I so loved this chapter. If you read and follow any rule, this is the one.
Having my twins as my first children, I didn’t get the motherhood experience that a lot of stay at home moms do. I didn’t get the opportunity to shop with my baby, meet friends for coffee with my baby, take my baby to the swimming pool on hot days… Because I didn’t have a baby. I had two. I stayed home all day, almost every day, save the once, sometimes twice a day walks we would take in the jogging stroller, or the twin play dates that we would go to. A good friend of mine even described her experience as mourning the motherhood we imagined, but never got to have. And then as soon as things started to get a little easier? BAM! Here comes another.
I’m friends on Facebook with a girl I knew in high school, and I’ve followed her throughout her pregnancy and her first year with her adorable baby girl, who is a total princess. Mom and Dad dote on her like nothing else. It’s precious.
But I’m jealous of her and all of the things she gets to do with her daughter. Library story time (you know that doesn’t work well for us), shopping at Nordstroms, mom and baby swim classes, you name the fun activity, they do it. I, on the other hand, didn’t really get out of the house alone with my two until they were around 6 months old, and even then it was a struggle. And they were always strapped into something. I can’t even take my kids to the park by myself.
Yes, I am insanely jealous of my friend and her one baby and all the fun they have. But then I found out it wasn’t all roses and sunshine and unicorn poop for her either. And her daughter is treated like a princess for a reason.
Two miscarriages. An ectopic pregnancy. Three children that she so desperately wanted that she never got the chance to have. So, yeah. She has earned every right to spend all of her days doting on her daughter. I don’t blame her in the least. She fought and fought to have a child; I was blessed with a planned pregnancy that spontaneously split into two babies, and an unplanned one that gave me another gorgeous baby girl. So yes, my days are hard, but I have never felt the pain of losing a baby. And for that I am thankful. And? Had I not had twins, I likely would not have quit my job, which although a good job, was not where I wanted to be. And I probably never would have really started writing.
I admit, I still struggle with the jealousy at times. Ok, often. Even a bunch of my twin mom friends seem to have it all together: hair done, nice clothes, clean and perfect houses. My hair is almost always back in a ponytail, and I’m usually lucky if I get to brush my teeth before noon. My workspace (AKA dining toom table) is always a mess, and there’s always at least one basket of laundry waiting to be folded. I keep telling myself that it won’t always be this way, that when the kids get older, they’ll be able to entertain themselves better (or even be in preschool!), and I’ll be able to steal away more to fix my hair or do more cleaning.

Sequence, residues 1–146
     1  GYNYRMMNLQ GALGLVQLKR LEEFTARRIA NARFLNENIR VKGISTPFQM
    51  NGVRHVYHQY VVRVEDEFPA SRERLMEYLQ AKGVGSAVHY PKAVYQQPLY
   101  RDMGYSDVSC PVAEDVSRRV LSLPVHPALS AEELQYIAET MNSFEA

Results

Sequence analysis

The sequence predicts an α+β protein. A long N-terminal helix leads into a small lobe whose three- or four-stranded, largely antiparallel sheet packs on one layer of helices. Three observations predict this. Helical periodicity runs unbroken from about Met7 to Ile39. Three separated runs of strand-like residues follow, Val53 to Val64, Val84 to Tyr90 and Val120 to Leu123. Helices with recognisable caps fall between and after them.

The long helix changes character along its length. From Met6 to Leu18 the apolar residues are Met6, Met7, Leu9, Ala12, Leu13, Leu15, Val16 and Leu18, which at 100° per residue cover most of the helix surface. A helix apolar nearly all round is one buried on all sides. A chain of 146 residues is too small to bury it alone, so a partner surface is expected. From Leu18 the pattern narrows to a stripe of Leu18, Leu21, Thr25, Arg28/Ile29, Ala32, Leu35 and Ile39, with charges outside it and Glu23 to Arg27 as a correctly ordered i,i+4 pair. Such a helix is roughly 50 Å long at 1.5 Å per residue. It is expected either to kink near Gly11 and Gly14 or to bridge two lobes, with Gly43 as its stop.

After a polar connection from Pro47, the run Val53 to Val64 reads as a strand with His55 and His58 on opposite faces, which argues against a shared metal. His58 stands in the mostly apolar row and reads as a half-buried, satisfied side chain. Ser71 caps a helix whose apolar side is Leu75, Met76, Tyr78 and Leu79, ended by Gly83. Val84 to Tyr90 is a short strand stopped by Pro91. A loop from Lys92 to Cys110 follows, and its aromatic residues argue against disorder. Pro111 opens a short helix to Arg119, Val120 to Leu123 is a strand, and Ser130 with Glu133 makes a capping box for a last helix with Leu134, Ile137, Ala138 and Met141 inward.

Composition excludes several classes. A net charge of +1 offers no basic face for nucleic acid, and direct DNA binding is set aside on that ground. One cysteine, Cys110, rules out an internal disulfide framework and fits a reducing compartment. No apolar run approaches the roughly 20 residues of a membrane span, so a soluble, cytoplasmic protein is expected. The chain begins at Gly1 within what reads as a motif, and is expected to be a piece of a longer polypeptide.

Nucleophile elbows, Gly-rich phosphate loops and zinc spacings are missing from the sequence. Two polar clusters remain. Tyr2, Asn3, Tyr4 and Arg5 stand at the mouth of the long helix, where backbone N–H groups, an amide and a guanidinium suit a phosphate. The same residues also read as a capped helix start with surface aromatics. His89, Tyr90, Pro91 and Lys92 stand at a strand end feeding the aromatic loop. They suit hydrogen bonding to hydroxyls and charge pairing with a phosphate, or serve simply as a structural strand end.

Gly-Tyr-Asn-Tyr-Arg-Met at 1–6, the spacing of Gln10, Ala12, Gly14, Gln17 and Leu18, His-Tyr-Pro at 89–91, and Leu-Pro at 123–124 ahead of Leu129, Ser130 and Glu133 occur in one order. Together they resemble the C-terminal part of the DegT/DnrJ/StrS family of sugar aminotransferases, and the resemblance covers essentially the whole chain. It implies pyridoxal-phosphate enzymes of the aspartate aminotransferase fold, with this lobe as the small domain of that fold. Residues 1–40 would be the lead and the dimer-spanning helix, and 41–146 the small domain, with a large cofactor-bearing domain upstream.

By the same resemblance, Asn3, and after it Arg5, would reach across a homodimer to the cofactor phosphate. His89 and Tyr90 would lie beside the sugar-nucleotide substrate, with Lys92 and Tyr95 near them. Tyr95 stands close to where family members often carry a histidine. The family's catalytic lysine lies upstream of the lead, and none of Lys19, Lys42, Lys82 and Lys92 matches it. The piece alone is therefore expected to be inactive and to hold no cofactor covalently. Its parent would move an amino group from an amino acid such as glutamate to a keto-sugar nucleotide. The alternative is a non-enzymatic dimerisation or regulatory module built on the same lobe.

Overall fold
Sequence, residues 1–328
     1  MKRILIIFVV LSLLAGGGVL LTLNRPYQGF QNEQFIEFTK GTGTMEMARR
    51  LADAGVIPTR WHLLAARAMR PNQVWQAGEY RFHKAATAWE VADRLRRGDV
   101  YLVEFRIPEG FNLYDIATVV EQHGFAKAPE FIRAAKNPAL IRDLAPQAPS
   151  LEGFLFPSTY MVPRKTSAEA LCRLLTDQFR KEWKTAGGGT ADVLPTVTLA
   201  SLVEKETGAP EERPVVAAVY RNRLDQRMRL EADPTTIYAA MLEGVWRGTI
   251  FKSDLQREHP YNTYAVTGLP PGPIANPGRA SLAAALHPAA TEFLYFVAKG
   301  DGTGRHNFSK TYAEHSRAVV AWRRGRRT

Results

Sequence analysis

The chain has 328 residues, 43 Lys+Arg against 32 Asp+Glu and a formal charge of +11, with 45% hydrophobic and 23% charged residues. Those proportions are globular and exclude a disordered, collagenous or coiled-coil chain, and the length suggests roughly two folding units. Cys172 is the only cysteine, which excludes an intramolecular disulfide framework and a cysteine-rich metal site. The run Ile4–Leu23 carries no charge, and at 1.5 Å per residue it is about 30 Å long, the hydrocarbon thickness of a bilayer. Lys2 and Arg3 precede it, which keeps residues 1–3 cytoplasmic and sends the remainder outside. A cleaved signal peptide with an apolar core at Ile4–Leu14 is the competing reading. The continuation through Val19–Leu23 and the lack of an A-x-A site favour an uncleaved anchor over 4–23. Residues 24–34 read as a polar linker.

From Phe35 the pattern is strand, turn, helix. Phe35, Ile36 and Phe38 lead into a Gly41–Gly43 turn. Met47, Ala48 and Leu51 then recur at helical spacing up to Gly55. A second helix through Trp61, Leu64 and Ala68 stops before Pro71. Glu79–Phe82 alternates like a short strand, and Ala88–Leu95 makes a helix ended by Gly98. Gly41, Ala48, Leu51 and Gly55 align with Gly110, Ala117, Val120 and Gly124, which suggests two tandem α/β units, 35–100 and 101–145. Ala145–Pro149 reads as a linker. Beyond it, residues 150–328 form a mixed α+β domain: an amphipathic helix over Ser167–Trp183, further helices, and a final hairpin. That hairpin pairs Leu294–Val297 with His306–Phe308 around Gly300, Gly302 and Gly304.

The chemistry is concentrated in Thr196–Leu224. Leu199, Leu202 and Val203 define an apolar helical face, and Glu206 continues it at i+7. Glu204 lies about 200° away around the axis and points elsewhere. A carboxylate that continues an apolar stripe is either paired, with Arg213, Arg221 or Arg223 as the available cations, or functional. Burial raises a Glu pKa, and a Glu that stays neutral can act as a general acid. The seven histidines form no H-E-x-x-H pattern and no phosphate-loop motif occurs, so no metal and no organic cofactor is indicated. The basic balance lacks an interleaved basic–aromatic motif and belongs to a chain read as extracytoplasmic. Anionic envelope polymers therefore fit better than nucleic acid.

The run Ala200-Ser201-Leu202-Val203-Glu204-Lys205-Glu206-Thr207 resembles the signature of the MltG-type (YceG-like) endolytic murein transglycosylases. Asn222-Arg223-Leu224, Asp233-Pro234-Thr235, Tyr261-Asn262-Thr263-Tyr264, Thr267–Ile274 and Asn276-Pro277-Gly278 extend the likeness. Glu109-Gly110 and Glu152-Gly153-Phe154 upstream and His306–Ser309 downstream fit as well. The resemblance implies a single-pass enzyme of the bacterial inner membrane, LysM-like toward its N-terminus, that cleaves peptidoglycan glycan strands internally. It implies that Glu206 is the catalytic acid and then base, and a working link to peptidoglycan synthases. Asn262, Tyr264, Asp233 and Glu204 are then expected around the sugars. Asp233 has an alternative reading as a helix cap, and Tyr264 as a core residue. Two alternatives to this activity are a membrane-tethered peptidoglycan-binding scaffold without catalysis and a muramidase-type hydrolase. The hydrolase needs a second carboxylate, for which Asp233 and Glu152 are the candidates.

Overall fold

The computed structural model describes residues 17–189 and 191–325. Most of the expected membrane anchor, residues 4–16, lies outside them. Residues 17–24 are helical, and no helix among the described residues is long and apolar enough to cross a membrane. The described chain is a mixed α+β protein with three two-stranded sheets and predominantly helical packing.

And they will be older someday. While venting with another twin mom about the terrible twos (and I’m about the enter the thundering threes), a mom of five year olds interjected with “My girls just started kinder. I cried all day on their first day, I missed them so much. I would give anything for them to be two again.”
So messy hair and house it is.
Important quotes from Rule 10: “Just because a situation appears better than yours in one way, shape, or form doesn’t mean that it is.”
“When you find yourself wishing life was more like this person’s or that person’s, take a moment to be grateful for what you have.”
Elizabeth’s assignment for Rule 10: This is one of my favorite rules. We have to learn to bloom where we’re planted, plain and simple, not spend time thinking that if only we’d been planted down the road or across the country (or across the ocean) we’d be blooming better.
The next time you hear yourself saying, “If only…” or “I’ll be happy when…” catch yourself, and voice 3 facets of that “if only” part of your life for which you’re grateful. For example, if you’re wishing you’d only paid $6 for your house (like your neighbor paid for theirs when you paid $18 — yes, I speak from experience), remind yourself, “I have a house. I continue to pay the bills each month. I love my garden in the backyard.”
Do you fall into the trap of “the grass is always greener? Leave me a comment and let me know!